WASHINGTON – This week Riley Gaines is testifying on Capitol Hill about protecting girls' sports. Her appearance before the House Oversight Subcommittee on Health comes as she launches the new Riley Gaines Center at the Leadership Institute.
At just 23 years old, Riley knows what it's like to be in the spotlight. Swimming for the University of Kentucky, she had to share the podium with Lia Thomas, formerly Will Thomas. The two tied for fifth place in the NCAA's 2022 women's 200 freestyle. Thomas would go on to win first place in the women's 500 freestyle, becoming the first trans athlete to win an NCAA national championship.
"After we tied, the NCAA official looked at both Thomas and myself – Thomas who's towering over me at 6'4" – and the official says, 'Great job you two but you tied and we only have one trophy so we're going to give this trophy to Lia,'" Riley recalled in an interview with CBN News.
She says that moment launched her into advocacy. Since graduating, Riley has traveled the country speaking on college campuses, testified before lawmakers at the state and federal levels, and given many news interviews.
It's unfathomable that a 23 yr old has to go sit in front of Congress & tell them men and women are different lol https://t.co/OGCy4KqZlk
— Riley Gaines (@Riley_Gaines_) December 6, 2023
Now, part of her advocacy also includes the Leadership Institute which recently launched the Riley Gaines Center.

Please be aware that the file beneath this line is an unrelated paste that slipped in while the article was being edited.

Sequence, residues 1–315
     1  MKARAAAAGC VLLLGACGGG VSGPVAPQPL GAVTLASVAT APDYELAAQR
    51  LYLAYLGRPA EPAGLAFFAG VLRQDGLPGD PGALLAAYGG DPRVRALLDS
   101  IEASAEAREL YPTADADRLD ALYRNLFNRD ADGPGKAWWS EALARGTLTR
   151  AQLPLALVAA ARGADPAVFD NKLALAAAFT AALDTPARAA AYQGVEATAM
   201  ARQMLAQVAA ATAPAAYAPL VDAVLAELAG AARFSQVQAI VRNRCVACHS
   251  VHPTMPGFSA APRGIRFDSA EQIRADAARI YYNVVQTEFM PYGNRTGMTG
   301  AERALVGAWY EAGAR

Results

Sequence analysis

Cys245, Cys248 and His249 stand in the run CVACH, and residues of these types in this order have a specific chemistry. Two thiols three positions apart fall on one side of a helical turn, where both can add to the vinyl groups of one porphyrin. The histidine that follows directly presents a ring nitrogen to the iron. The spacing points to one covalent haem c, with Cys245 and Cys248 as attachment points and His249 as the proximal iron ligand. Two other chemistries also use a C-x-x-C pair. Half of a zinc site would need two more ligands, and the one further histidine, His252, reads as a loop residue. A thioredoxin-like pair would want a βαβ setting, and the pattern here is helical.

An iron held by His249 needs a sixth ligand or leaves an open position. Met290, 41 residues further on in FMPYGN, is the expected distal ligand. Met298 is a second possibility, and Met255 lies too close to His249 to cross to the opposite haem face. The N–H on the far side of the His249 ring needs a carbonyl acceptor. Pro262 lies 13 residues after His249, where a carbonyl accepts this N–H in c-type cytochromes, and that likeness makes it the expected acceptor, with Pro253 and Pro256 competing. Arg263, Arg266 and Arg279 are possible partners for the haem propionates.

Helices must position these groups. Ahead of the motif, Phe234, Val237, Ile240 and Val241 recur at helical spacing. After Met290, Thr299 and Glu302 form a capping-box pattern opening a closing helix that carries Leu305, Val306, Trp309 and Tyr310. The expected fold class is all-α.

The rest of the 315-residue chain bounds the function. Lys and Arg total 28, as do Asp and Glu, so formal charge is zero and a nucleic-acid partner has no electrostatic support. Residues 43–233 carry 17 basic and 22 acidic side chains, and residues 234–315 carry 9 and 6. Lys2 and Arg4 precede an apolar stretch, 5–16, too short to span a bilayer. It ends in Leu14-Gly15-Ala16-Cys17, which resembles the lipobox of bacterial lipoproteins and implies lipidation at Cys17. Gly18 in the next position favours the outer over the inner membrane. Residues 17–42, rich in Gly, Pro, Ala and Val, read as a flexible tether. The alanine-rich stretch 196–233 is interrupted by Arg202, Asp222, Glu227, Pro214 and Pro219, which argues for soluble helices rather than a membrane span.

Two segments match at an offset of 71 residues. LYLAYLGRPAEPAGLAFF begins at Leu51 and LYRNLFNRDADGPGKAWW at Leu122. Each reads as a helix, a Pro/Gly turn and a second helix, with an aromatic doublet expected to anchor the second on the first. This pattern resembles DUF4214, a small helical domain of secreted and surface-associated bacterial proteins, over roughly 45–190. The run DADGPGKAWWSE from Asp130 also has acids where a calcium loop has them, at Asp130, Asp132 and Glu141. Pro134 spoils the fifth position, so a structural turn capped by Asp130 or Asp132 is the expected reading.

"When I started speaking out, I noticed a common theme," Gaines told CBN News. "I had a lot of people, prominent figures even, people with influential platforms, people who I wouldn't have imagined would agree with me on the kind of issues that stem into the political world, that would reach out and say, 'Thank you for doing what you're doing. Keep going, keep fighting. I can't say anything because I have sponsorships or endorsements or scholarships or I'm in corporate America and I don't want to deal with lawsuits.' Whatever it was, and after seeing this I kind of began to feel frustrated. We need more leaders."
That's the goal of the Riley Gaines Center, to build up and equip more young leaders like her.
"The mission here is to continue the work of Riley," Bryan Bernys, Vice President of Campus Programs at the Leadership Institute, told CBN News. "One of the things you'll hear Riley often say is – and her kind of idea behind the center – was to provide the resources that she wished she had when she was dealing with the issues she was (facing) at the University of Kentucky."
Bernys says the Center has already been able to provide those resources to many others, one being Olivia Krolczyk, a student at the University of Cincinnati who was given a failing grade on an assignment for using the term "biological women."
"Kaitlynn Wheeler is another one," added Bernys. "A teammate at Kentucky of Riley's decided that she wanted to get in the fight and join her and now Kaitlynn's doing speeches. She spoke out recently in Alabama on a college campus about this issue. She's done media interviews to try to lend her voice to the fight."
Bernys says this trans issue is about more than just sports and is an issue that affects all of us. He and Gaines are encouraging anyone who supports this fight to reach out to the Riley Gaines Center at the Leadership Institute and get involved.
"The more women that get involved, everybody that gets involved and steps up and stands with Riley, the better we're going to be."
Their message: There's power in numbers.